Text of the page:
Obviously, using many different tools doesn’t automatically make a lesson great. This fact alone does not engage students. What was important in all of this was how Tyler moved from one resource to the next in response to his students questioning or their lack of understanding. Tyler’s movement from chalkboard, to applet, to wiki, to overhead, etc., demonstrated a deep empathy with the needs of his learners. Simply stated, Tyler was able to choose the most appropriate tool, at the correct moment, in order to engage students and help them best understand very difficult concepts.

While it’s not a new concept, this was a wonderful example of differentiated instruction.

Differentiating instruction means creating multiple paths so that students of different abilities, interest or learning needs experience equally appropriate ways to absorb, use, develop and present concepts as a part of the daily learning process. It allows students to take greater responsibility and ownership for their own learning, and provides opportunities for peer teaching and cooperative learning.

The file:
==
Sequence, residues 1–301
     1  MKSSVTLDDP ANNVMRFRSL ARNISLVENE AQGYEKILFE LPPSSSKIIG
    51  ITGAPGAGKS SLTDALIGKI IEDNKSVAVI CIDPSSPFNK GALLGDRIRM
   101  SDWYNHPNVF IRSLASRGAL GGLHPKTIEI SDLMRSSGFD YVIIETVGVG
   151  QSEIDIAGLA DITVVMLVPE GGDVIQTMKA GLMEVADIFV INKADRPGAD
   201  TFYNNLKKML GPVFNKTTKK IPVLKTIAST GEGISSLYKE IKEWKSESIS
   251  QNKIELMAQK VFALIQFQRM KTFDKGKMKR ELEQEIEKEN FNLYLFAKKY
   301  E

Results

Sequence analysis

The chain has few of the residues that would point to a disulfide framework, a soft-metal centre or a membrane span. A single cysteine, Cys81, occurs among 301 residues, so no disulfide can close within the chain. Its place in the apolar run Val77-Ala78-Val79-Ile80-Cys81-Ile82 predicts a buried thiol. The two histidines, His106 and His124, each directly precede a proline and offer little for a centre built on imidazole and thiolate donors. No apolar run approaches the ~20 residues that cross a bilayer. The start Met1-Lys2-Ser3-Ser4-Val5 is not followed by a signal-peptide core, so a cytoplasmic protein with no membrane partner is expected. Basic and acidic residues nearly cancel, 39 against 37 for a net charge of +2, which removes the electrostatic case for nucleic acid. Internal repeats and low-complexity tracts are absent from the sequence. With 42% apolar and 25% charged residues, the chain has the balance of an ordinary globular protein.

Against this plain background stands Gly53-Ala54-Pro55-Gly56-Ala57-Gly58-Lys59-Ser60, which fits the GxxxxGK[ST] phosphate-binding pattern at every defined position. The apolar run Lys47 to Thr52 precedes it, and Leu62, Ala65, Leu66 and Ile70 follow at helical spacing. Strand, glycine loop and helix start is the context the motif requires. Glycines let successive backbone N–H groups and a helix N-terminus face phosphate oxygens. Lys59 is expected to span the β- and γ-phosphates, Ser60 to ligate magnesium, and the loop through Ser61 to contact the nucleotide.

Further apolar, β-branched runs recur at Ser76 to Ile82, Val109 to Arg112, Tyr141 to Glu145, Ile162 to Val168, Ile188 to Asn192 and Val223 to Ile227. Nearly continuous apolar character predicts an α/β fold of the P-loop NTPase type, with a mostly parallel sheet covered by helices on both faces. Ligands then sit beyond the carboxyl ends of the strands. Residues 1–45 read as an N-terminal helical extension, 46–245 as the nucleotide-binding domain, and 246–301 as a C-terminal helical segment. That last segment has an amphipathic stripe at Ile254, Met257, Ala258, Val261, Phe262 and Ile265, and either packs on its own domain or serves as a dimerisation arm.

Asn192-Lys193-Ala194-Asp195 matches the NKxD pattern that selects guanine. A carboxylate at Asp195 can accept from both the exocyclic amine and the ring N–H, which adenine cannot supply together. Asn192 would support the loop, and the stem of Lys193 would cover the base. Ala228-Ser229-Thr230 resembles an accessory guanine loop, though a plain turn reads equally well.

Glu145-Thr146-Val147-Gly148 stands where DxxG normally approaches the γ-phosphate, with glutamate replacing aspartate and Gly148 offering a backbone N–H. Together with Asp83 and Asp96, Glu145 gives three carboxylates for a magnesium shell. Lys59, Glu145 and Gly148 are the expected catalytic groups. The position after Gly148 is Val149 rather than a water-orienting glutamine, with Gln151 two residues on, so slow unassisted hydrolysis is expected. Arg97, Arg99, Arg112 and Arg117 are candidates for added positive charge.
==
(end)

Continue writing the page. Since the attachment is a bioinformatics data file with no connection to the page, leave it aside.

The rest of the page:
This is a skill that is very difficult, if possible, to master. I’m feeling very good to know that it’s happening in our young teacher population. I’m happy to know that the wise use of technology can help make these experiences happen.

Amnesty International’s Powerful “Unsubscribe” Campaign

Amnesty International have just released a truly powerful film to coincide with the official launch of the unsubscribe campaign.

Waiting For The Guards is the first of 3 films commissioned by Amnesty to highlight the enhanced interrogation techniques used by the CIA in the “War on Terror”.